One Mississippi, two Mississippi, three Mississippi. That's about all the time fund company marketing and sales executives have to make an impression on financial advisors at independent firms and wirehouses.

"You have about three seconds to really make that first impression," says Antonio Ferreira, senior vice president and sector lead for wealth management at Marketing Strategies International.

Results from the marketing research firm's Cutting Through the Marketing Clutter study note that registered financial advisors, regional and independent firms and wirehouse representatives are seeing an influx of marketing materials. However, more often than not these materials tend to see the bottom of their trash bins rather than hit their client mailboxes.

Financial advisors are "rapid evaluators," says Eloise Bond, syndicated product director at the Livonia, Mich.-based company.

"In terms of the asset manager, there is a positive in that, and yes there is also a negative in that. Yes they can gather a lot from me very quickly, but there is not a lot of time to do it. You really have just a moment to grab their attention," Bond explains.

The study documented responses from 18 focus groups that included around three to four advisors, which were staffed at firms with assets under management as low as $29 million to as high as more than $200 million. Findings concluded that advisors still feel that email is the most effective communication preference, but Bond and Ferreira warn that usage of just printed mail or electronic messaging will not do the trick.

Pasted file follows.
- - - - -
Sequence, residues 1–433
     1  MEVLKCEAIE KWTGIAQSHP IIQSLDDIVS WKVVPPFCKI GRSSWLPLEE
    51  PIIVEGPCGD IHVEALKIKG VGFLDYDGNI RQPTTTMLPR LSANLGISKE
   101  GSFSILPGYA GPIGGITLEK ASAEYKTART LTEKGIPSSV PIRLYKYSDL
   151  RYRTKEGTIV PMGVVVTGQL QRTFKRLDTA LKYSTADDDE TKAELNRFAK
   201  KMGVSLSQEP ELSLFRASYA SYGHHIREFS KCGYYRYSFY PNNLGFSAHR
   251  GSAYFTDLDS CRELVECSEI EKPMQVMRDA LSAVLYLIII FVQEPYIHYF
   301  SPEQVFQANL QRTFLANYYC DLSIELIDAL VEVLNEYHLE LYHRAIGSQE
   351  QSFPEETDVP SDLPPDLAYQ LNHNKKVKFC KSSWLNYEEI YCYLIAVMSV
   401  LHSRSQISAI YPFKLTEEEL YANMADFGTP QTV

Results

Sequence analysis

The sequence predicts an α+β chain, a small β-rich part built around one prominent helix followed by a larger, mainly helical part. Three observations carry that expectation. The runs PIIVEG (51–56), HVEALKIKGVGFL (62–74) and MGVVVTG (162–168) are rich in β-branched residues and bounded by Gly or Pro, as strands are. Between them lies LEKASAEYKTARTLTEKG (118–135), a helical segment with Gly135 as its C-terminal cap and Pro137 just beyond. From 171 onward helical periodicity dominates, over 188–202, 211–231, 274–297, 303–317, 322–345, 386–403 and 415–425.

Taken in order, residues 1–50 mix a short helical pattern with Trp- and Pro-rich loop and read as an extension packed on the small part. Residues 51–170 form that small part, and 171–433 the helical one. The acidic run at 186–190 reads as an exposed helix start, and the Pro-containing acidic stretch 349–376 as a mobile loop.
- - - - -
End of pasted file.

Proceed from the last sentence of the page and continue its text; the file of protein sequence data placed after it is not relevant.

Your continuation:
In various survey groups, Marketing Strategies International concluded that only 18% of the more than 2,121 individual assessments of print fliers, emails, webinars and white papers were likely to be forwarded to colleagues and clients or engaged by other means. Approximately four-fifths of all distributed materials went unread in a Cogent Wealth Reports study, a series offered by the marketing research company.

How can fund companies address the challenges associated with a constantly developing client relationship, amid a world of various forms of communication?

The Mutual Fund Education Association, which includes a membership of 44 asset management firms that are seeking to "keep pace with the diverse demands of serving investors and advisors," according to its website, has tackled this evolving environment head on.

Kimber Lintz, director at MFEA, says that fund company marketers need to mesh both print and digital worlds in order to cover all their communication bases.

"I think fund companies know in today's world, it's important to include digital strategies as part of their overall communication marketing strategy because there are those individuals who choose to do most of their communication on the web and mobile devices," Lintz says. However, she cautions that "...particularly when you are dealing with money, some people may still want to have that hard paper, so I think it's a trick. It has to be a combination of both."

For Highland Capital Management, a firm with over $18 billion in assets under management in its 17 mutual funds with alternative, income, equity, asset allocation and ETF exposures, the outreach strategy is sticking to what they know in order to attract financial advisors.